Attend the first lecture of the new "Representations of Colonization and De-colonization" series Jan 24An eight-part lecture series hosted by University of King's College (and held at the school's Alumni Hall) kicks off with this talk by Dr. Lisa Binkley at 7pm. Event organizers summate the discussion as follows:
"Dr. Binkley’s talk will interrogate a single object - a silk patchwork quilt that is without visual representation and mentioned by the Indian Agent in his 1883 report to the Superintendent of Indian Affairs. The study of this object is indeed decolonial in its very nature and disrupts an art historical approach to examining Indigenous craft: the object no longer exists and therefore has not been evaluated for its beauty or its presence in a museum or photographic collection, and it is explored as material culture, which reframes the quilt from an Indigenous perspective, reinterpreting the object as a symbol of resistance and resilience during a period in which Canadian and provincial governments were engaged in aggressive assimilation and erasure tactics."
Attend the Spatz Chair in Jewish Studies Inaugural Lecture Jan 24Dalhousie University's McInnes Room (on the second floor of the Student Union Building) is the venue for this public talk by the Simon and Riva Spatz Chair in Jewish Studies, Eva Mroczek, PhD. The title of the talk? "The Myth of the Lost Torah." Event organizers summarize the 7pm discussion—which asks you to RSVP in advance—as follows:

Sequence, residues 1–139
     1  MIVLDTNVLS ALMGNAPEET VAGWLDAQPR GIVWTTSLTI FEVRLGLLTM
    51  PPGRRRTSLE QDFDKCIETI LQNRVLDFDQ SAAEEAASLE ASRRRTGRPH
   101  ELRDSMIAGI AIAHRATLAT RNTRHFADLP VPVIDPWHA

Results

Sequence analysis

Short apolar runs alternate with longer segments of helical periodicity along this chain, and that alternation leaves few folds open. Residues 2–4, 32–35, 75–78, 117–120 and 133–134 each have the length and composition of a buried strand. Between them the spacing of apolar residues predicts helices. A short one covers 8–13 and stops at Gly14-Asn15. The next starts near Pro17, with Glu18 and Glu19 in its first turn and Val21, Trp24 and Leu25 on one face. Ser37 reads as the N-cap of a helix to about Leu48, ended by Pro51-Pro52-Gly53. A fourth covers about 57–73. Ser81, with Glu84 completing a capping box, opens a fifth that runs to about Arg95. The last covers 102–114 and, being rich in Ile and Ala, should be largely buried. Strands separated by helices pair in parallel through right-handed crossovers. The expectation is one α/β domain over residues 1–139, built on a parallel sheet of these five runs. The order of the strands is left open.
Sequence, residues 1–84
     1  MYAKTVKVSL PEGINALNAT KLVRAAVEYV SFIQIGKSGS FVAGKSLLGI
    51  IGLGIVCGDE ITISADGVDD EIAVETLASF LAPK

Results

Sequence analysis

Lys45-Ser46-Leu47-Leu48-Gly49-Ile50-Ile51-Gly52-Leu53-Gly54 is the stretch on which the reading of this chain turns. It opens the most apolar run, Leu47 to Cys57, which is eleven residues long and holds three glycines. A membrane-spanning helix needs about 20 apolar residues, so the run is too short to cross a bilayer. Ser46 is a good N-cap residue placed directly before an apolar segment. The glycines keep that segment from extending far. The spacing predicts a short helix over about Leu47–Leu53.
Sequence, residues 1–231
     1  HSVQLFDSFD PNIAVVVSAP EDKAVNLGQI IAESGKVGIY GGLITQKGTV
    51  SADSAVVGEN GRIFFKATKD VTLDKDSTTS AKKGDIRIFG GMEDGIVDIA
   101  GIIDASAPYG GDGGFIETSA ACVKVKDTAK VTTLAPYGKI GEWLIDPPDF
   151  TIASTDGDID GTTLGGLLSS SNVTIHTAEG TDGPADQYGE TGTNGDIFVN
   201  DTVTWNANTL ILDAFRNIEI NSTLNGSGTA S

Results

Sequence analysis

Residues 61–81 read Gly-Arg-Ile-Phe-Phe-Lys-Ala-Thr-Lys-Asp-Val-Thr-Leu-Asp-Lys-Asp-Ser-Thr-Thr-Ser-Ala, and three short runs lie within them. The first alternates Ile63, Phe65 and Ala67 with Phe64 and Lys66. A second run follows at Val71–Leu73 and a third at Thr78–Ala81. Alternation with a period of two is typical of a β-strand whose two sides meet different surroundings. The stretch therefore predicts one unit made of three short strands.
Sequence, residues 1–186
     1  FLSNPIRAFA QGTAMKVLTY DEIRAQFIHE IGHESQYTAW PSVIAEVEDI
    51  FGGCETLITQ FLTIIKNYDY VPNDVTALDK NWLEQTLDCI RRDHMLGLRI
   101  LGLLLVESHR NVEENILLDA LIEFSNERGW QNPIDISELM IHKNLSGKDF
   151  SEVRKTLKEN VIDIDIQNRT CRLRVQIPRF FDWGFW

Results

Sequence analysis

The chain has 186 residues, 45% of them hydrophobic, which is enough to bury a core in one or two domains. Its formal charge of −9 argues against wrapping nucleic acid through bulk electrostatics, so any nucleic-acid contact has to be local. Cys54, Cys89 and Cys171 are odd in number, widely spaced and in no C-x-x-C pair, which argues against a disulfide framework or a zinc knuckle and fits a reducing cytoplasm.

"The decline or loss of a once-powerful tradition is a common modern complaint. But surprisingly, the idea that the Torah – Jewish Scripture – keeps getting lost or destroyed has been a key theme in Jewish thought for many centuries. In ancient and medieval texts, the Torah is bound up with loss, whether by fire, flood, or political disaster. What does it mean for Jewish tradition that sacred texts are so often described as missing, drowned, or burned? And what do Jewish tales of the lost Torah have to say about how to live in the midst of loss and catastrophe today?"